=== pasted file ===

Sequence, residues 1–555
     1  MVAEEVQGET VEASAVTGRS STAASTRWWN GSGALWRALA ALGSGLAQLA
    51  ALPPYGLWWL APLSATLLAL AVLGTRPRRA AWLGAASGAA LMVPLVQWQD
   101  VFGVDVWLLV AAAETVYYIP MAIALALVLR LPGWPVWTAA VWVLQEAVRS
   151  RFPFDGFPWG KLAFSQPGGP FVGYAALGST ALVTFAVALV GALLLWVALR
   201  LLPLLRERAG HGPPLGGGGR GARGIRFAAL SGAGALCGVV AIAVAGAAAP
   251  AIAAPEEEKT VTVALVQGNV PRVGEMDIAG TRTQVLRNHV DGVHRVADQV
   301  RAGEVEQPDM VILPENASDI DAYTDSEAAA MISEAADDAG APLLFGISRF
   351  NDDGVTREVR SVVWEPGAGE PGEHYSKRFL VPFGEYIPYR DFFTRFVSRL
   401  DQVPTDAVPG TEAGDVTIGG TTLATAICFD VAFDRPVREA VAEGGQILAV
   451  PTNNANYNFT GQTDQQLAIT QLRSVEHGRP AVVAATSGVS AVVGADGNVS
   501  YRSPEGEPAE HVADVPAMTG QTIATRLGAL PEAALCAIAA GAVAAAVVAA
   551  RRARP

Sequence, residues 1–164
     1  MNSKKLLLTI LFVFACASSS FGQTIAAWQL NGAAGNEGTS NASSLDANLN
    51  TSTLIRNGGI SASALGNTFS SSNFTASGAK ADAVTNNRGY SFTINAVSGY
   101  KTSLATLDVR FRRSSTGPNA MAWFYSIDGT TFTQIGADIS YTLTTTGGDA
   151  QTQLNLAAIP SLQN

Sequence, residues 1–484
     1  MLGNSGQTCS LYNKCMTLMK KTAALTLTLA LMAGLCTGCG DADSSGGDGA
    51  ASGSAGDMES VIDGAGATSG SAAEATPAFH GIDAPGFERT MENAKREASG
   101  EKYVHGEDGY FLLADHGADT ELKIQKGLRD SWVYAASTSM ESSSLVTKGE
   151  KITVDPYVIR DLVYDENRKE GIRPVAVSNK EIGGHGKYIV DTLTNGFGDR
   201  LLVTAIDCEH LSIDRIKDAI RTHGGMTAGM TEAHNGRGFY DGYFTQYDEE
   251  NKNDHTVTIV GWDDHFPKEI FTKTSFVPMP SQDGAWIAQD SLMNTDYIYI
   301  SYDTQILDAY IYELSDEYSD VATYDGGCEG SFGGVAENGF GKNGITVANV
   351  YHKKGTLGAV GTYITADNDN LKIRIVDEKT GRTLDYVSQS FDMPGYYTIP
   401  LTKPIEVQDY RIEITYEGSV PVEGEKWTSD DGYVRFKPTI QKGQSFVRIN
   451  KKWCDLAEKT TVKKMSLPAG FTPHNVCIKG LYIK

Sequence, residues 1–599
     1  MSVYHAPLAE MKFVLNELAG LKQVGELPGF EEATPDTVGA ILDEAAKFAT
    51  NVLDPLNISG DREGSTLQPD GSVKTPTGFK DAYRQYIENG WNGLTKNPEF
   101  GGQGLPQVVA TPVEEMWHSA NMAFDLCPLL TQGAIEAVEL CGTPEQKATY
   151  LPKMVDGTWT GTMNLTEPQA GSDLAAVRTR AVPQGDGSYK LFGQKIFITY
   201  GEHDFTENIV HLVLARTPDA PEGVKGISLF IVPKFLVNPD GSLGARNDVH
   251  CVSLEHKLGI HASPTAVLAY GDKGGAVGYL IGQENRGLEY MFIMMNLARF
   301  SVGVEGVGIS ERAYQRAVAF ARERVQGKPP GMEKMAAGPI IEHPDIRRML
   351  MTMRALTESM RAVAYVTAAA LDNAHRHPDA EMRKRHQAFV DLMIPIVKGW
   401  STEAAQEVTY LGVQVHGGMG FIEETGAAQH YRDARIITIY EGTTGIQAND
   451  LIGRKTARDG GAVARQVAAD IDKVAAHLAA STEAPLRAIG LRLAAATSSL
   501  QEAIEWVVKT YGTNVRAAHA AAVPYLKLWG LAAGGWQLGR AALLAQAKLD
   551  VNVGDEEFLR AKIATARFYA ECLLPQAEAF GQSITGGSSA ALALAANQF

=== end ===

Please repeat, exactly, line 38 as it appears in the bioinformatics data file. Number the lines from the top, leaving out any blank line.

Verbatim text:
   351  MTMRALTESM RAVAYVTAAA LDNAHRHPDA EMRKRHQAFV DLMIPIVKGW